I’ve been enjoying the Mistborn and Stormlight Archive books. I haven’t had a chance to get through Skyward yet.

  7. Baker Mitchell says:

    Jamey…. Still thinking about this post. I’ll certainly have to put BS on my reading list, also I’ve been meaning to read Patrick Rothfuss’ works. After I posted above, I thought I’ll go back and read “A Spell for Chameleon” and just couldn’t get into it. I remember it very fondly but don’t have any desire to re-read it. So, I started thinking about books I have read multiple times. What qualities make it a book to re- read? Is it the story? The writing?

    Is there a Top 10 Books you’ve read multiple times?

    10. The Endurance – By Alfred Lansing. Non- fiction. The story of Ernest Shackleton and his exploration of the Antarctic. The edition with the photographs is priceles. Any book whose first line is “The order to abandon ship was given at 5 pm.” Is setting you up for quite a ride.

    9. Moby Dick – This started out as a “Well, perhaps I should read it” and ended with what a masterpiece. I’ve read it twice.

    8. Richard III/King Lear/The Tempest – First read them in high school ( perhaps the cliffs notes). Again in college and finally came to love them.

    7. The Education of Little Tree. Given to me by a close friend in college. I’ve since read it several times, and passed it on to other friends. It is a book to be shared.

    6. Star Wars by George Lucas. I know the book and the movie almost by heart.

    5. Lord Fouls Bane – Stephen R Donaldson. For me the second greatest fantasy world ever wrought. Although as I grow older, the main character’s flaws bother me more and more.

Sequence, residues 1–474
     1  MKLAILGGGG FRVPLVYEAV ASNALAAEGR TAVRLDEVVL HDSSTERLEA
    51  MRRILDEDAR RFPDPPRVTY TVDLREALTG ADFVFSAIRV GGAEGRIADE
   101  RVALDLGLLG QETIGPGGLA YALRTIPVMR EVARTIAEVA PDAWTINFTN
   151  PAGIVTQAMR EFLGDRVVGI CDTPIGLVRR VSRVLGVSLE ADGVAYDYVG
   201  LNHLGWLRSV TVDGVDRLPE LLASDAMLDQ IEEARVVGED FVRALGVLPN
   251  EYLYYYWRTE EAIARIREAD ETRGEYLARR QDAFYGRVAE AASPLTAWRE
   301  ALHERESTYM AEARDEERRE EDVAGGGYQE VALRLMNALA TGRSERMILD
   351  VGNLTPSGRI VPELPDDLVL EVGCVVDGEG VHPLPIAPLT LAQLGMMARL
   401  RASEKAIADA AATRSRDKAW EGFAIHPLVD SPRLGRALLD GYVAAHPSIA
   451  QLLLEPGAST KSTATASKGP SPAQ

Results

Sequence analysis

4. Alex Medleson the Boy from Mars. D. Pinkwater. Nostalgia. And for me, it still holds up.

    3 The Princess Bride. William Goldman. I already knew the movie verbatim by the tine I realized there is a book. I enjoy the book more, and have read it to my daughter twice,

    2. Hitchhikers Guide to the Galaxy. Read over and over. Brilliant.

    1. The Hobbit. So wonderful and comfortable to read every couple of years.

    Ok, that’s just off the top of my head. There are sooo many good books, but many fewer that
    Earn multiple reads.

    • Jamey Stegmaier says:

      Thanks for sharing your list, Baker! This is an interesting angle–books you’ve read multiple times. I’m trying to think about books that would qualify for this list for me, as it’s very rare that I reread a book. The few I can think of are Hyperion, The Name of the Wind, and Ready Player One.

  8. Stan Chechak says:

    Hello Jamey,

    Based on your Brandon Sanderson discussions/write-ups, I read Elantris and enjoyed it. Next I read The Mistborn Trilogy, finishing The Hero of Ages yesterday. I enjoyed the trilogy even more. Which Sanderson book(s) would you recommend I read next? I know there is a second “Mistborn” trilogy that takes place 300 years after The Hero of Ages. Did you read all 6 books in a row or take a break between these two trilogies while reading other Sanderson books? Thank you,

    Stan

    • Jamey Stegmaier says:

      Stan: I took a break between those trilogies, mostly because the second trilogy didn’t exist when I ended the first. I think you would be fine to jump right into the next Mistborn trilogy–in fact, it’ll be good (not necessary, but good) for you to have the first trilogy fresh on your mind as you begin the second.

      After that, I recommend starting the Stormlight Archives (The Way of Kings).

  9. Matthew says:

    As the Stormlight Archive books are among your favorite Brandon Sanderson books, I’d be interested to know the results you’d get when taking the official quiz! https://www.brandonsanderson.com/official-knights-radiant-order-quiz/

    Also, have you seen the Kickstarter for the leather-bound Way of Kings? I think the “stretch goals in the order of your choice” is a pretty neat concept.
    https://www.kickstarter.com/projects/dragonsteel/the-way-of-kings-10th-anniversary-leatherbound-edition/description